Grothendieck, who started his work in functional analysis, is known for his far-reaching (and still incomplete) program of creating new foundations for algebraic geometry, a work that he led at IHES in the 50s and 60s and that is documented in the thousands of pages of EGA and SGA. If modern algebraic geometry is built on schemes, has applications to number theory, has definitions given in a category-theoretic language, and is completely incomprehensible to the novice, it is all thanks to Grothendieck’s vision.
In his 40s, and the top of his game, Grothendieck left IHES over the issue of military funding, and progressively detached from the mathematical community, while embracing environmental and anti-war causes.
Grothendieck’s life story, from his escaping Nazi Germany, to his revolution in mathematics, to his radical politics and later hermit life, is spellbinding. Some of it is told in a great two-part article in the Notices of the AMS (part 1, part 2) and I would also recommend this more technical essay and this more philosophical one.
Grothendieck has a flair for effective naming, he had a way with words, and he liked elaborate metaphors. Here is his famous “how to break a nut” analogy describing his style of mathematical research
I can illustrate the second approach with the same image of a nut to be opened. The first analogy that came to my mind is of immersing the nut in some softening liquid, and why not simply water? From time to time you rub so the liquid penetrates better, and otherwise you let time pass. The shell becomes more flexible
through weeks and months—when the time is ripe, hand pressure is enough, the shell opens like a perfectly ripened avocado!
Microsoft Research Silicon Valley Campus
I am still in shock at the news that Microsoft decided to shut down MSR SVC and fire, literally from one day to the next, almost all the scientific staff.
It is shocking that the company decided that it was a good idea to destroy an investment they had made over several years; I am only familiar with the theory side of MSR SVC, which had great success in nurturing young talent and developing breakthrough ideas and results. The work on privacy led by Cynthia Dwork, for example, informed the thinking on privacy of higher management, and on how one could find new ways to balance European privacy law with the data collection necessary for advertising. This is one of the returns of having academic research in a company: not so that they can implement in C++ their algorithms, but so that they can generate and communicate new ways of thinking about problems. (Cynthia is one of the few people retained by Microsoft, but she has lost all her collaborators.) Microsoft’s loss will be other places’ win as the MSR SVC diaspora settles down elsewhere.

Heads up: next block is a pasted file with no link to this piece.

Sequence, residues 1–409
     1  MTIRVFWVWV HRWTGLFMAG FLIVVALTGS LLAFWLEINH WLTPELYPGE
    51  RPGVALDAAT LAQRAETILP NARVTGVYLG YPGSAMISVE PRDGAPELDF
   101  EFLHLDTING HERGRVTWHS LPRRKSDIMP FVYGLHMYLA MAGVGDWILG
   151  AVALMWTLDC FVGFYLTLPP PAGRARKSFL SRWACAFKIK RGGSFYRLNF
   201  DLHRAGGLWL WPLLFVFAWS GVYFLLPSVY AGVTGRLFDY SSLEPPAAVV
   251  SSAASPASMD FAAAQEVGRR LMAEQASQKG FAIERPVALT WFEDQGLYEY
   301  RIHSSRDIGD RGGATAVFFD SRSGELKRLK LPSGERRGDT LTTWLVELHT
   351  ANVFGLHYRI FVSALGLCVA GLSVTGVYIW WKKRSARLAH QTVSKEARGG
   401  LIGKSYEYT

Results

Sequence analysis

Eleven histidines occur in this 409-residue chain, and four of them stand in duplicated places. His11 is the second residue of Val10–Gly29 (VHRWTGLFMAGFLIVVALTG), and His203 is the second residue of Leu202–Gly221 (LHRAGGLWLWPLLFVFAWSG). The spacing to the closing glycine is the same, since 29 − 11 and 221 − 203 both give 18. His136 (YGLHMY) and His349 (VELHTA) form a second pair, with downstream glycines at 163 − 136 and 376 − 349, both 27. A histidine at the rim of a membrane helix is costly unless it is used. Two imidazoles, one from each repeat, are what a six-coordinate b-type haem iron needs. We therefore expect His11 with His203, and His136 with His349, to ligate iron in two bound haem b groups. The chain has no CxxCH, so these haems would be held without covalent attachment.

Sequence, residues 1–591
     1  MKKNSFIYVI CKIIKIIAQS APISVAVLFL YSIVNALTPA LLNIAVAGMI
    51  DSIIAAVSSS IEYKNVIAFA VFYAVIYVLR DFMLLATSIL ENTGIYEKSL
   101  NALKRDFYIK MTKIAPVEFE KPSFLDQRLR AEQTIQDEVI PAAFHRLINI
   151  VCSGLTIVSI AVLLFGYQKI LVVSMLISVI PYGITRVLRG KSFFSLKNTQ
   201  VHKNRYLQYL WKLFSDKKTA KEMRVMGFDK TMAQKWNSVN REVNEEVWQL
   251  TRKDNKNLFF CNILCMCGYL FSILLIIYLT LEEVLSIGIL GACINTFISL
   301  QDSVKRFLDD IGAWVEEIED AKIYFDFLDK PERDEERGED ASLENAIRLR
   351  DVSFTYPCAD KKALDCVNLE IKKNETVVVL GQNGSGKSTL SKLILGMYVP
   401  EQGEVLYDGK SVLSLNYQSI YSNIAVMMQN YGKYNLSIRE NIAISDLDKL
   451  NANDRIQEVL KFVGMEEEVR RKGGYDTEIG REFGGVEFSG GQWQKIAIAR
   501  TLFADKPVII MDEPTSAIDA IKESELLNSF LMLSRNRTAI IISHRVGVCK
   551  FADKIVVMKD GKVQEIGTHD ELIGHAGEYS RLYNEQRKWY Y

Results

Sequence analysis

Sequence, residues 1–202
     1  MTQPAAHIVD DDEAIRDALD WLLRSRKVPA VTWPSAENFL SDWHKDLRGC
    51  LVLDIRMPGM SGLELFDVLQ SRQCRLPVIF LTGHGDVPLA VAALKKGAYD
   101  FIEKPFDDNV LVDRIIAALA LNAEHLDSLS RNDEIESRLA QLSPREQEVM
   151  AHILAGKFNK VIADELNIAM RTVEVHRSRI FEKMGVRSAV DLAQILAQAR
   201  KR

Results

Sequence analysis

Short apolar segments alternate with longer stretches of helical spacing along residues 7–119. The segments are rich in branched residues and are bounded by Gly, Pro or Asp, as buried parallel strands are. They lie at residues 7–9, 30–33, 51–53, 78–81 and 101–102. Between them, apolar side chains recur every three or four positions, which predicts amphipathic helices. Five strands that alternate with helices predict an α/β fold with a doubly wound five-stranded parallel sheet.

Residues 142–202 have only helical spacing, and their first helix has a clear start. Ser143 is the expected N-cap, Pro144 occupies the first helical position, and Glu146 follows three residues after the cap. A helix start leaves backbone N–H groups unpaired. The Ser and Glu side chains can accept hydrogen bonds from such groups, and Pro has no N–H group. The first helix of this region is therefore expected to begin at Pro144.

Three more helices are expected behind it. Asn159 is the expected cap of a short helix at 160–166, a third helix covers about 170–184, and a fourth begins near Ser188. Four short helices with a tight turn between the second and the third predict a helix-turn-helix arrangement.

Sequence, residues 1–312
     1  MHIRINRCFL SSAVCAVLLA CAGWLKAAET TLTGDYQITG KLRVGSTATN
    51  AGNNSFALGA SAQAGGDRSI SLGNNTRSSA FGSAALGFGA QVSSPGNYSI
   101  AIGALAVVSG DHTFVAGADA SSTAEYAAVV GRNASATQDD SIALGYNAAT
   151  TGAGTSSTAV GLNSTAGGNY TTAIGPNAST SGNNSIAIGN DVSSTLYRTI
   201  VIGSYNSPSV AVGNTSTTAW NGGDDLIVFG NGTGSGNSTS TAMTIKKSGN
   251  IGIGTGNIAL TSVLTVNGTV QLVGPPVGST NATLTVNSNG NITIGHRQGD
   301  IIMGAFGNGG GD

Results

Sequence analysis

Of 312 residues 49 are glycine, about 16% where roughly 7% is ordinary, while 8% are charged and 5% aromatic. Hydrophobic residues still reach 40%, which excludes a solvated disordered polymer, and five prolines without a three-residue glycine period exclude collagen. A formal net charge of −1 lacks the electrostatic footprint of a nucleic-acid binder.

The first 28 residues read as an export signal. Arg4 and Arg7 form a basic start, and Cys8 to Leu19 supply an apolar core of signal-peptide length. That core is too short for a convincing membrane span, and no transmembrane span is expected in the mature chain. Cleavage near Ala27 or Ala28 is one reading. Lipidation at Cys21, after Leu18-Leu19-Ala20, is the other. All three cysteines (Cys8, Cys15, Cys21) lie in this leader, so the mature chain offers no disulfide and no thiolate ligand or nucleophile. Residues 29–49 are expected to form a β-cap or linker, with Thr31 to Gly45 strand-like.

It is also shocking that, instead of planning an orderly shutdown, they simply threw people out overnight, which shows a fundamental indifference to the way the academic job market works (it can take a full year for an academic job offer to materialize).
I am not shocked by the class demonstrated by Omer Reingold; the moral stature of people is best seen in difficult moments. Omer has written a beautiful post about the lab, whose comment section has become a memorial to the lab, with people posting their personal remembrances.
Here at Berkeley and Stanford we will do our best to help, and we will make sure that everybody has some space to work. There will also be some kind of community-wide response, but it will take some time to figure out what we can do. Meanwhile, I urge everybody to reach out to their friends formerly at MSR SVC, make them feel the love of their community, and connect them to opportunities for both short term and long term positions, as they weigh their options.